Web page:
I was an interested spectator at a recent Canberra public lecture (March 24) by Lord Deben, a former UK Secretary of State for the Environment (under Thatcher) who also helped draw up Britain's recent Climate Change Act with only three of 646 MPs voting against it.
In agreement with Lord Deben, we should do much more to lower greenhouse gas emissions. After all, as the world's population grows and more industry output results, it makes sense for all societies to encourage greater efficiency and innovation in terms of energy use.
But Lord Deben's optimistic speech proved another intellectual disappointment, and hardly any more meritorious than the anti-carbon tax tally (March 24) which he questioned in terms of the size of the crowd and its motivation.
As I shall argue, there is much evidence to support Abbott's call for a carbon tax debate until the next election as such a policy option may indeed do little to reduce global greenhouse emissions.
Lord Deben's speech, while rightfully noting the UK's can do approach and the right of poorer nations to pursue a better standard of living, mentioned nothing about what is really happening in terms of global greenhouse gas emissions. No surprise here as most people claiming win-win policy solutions are not really interested in data that may complicate their claims, despite the reality of a complex and competitive world.
The truth is that UK efforts to reduce its own greenhouse gas emissions have been tempered by its own contribution to global levels through the promotion of freer trade. Although the UK reduced its greenhouse gas emissions by about 18 per cent since 1990, this achievement does not account for domestic consumption of energy-intensive manufacturing goods produced in developing nations. Hence, while the UK saved 148 million tonnes of carbon dioxide for the period 1992-2004, total emissions related to UK consumption grew by 217 million tonnes for the same period.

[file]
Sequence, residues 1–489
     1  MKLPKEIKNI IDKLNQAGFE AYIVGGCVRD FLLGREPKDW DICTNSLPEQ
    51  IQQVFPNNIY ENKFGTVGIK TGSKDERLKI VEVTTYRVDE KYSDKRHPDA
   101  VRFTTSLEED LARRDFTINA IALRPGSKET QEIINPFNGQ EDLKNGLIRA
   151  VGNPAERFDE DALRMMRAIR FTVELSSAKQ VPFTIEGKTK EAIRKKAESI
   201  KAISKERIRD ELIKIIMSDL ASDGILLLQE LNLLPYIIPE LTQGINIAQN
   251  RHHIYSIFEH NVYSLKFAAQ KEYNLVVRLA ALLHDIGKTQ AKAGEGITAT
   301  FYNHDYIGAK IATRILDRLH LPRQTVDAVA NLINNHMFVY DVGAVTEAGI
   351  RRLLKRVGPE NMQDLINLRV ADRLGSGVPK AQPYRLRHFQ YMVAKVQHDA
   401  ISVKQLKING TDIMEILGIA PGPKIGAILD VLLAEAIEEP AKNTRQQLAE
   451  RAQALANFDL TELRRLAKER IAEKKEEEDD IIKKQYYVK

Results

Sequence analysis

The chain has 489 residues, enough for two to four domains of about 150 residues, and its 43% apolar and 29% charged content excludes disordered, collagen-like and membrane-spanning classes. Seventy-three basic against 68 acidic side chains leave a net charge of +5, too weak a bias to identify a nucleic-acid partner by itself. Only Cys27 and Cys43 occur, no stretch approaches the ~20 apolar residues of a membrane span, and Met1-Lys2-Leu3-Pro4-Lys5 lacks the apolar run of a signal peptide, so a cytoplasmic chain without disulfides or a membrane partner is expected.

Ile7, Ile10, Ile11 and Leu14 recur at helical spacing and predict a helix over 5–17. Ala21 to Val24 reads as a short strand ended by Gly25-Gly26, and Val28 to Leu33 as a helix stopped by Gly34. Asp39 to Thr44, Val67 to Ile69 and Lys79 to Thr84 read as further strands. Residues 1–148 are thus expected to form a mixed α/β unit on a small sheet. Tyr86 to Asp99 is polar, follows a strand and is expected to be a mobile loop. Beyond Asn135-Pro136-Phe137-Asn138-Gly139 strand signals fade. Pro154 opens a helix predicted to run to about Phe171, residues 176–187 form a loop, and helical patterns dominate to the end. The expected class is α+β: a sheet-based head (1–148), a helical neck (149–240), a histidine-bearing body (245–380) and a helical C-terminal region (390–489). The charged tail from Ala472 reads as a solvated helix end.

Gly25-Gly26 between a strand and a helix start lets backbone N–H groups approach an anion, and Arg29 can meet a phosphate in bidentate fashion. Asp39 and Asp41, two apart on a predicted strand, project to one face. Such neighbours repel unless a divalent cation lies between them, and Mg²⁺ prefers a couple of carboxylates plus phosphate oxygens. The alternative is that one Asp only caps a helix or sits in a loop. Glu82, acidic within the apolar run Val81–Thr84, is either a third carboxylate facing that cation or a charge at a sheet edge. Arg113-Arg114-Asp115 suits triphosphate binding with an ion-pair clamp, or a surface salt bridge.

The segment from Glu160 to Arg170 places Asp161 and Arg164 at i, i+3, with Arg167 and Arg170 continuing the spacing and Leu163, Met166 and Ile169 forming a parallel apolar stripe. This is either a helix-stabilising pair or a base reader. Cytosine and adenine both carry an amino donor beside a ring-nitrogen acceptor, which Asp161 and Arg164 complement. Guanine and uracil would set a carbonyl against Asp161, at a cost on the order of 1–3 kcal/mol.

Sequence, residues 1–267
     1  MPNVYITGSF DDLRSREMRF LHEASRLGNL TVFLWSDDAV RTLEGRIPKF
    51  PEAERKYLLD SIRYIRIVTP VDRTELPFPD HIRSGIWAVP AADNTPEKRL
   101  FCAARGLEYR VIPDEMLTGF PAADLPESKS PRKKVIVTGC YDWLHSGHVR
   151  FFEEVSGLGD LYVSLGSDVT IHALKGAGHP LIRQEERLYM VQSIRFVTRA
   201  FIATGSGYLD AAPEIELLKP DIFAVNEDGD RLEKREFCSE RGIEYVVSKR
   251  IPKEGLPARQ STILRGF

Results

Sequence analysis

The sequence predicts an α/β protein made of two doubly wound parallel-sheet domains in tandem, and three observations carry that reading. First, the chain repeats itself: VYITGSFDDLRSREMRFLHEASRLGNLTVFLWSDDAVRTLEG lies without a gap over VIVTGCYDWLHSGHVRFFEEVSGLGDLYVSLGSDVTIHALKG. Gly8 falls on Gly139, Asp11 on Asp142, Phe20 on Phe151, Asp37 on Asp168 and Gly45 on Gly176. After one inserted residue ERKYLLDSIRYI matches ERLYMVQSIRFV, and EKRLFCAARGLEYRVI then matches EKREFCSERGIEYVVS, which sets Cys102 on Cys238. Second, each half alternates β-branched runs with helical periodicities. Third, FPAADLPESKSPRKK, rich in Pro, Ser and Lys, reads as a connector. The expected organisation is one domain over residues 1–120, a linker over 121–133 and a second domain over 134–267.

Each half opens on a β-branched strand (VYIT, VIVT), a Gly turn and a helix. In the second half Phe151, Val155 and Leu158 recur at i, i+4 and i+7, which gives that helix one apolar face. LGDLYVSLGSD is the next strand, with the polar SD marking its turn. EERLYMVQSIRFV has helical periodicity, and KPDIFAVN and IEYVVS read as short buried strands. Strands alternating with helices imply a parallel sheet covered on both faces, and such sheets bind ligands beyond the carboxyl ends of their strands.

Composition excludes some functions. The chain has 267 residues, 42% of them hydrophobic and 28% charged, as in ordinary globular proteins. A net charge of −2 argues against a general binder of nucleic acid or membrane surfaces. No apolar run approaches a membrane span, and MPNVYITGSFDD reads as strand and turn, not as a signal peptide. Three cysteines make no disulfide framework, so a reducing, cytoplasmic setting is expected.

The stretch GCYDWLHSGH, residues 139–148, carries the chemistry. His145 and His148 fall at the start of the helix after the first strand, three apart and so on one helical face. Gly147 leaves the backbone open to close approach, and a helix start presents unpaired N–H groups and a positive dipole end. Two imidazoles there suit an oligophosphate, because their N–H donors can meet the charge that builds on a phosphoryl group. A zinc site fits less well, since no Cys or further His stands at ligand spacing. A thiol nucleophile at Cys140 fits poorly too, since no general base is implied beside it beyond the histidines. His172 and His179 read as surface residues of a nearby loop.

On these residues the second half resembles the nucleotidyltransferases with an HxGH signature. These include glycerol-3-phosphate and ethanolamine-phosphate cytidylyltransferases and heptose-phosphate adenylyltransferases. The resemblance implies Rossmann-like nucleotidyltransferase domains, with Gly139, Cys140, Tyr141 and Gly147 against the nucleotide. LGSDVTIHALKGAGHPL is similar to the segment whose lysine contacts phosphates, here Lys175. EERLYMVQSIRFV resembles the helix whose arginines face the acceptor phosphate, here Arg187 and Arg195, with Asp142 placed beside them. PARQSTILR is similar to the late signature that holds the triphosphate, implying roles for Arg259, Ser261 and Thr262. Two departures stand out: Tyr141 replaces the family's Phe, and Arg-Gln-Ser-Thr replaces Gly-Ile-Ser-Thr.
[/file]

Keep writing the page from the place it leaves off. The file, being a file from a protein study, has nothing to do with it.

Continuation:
The EU (27 countries) may have reduced emissions by more than 17 per cent from 1990 to the end of 2009, yet it is estimated that more than 30 per cent of consumption-based emissions were already being imported in countries including the UK, France, Sweden, Switzerland and Austria by 2004. The inclusion of net imports adds 4 tonnes to "the annual carbon footprint of the average European (currently 11 tonnes a year) and 2.4 tonnes to that of the average American (currently 20 tonnes)".
It also indicated that about one third of China's carbon emissions in 2008 relate to the production of goods for export.
In other words, with the ongoing expansion of the international economy, Western nations have benefited from the import of cheaper manufacturing goods produced in developing nations, yet global greenhouse gas emissions from human activity increased by 70 per cent between 1970 and 2004 (carbon dioxide emissions by about 80 per cent).
Now I will not pretend that the answers are easy. Indeed the struggle to more adequately balance economic and environmental considerations remains an illusive goal, as suggested by Abbott's stance, although I hope that human innovation and common sense meets the challenge.
In fact, in contrast to the beliefs of so-called progressives now jumping on the carbon tax bandwagon, there are very few government employees willing to be truly honest about recent efforts to reduce rising global greenhouse gas emissions. After all, economic growth remains the dominant paradigm and the easiest option for policy-makers.
Take Ross Garnaut, the Gillard government's adviser on climate change. Should we really take him seriously just because he expresses concern that global carbon emissions will double between 2005 and 2030 if nothing is done given that China's rise is even more rapid than forecast in 2008.
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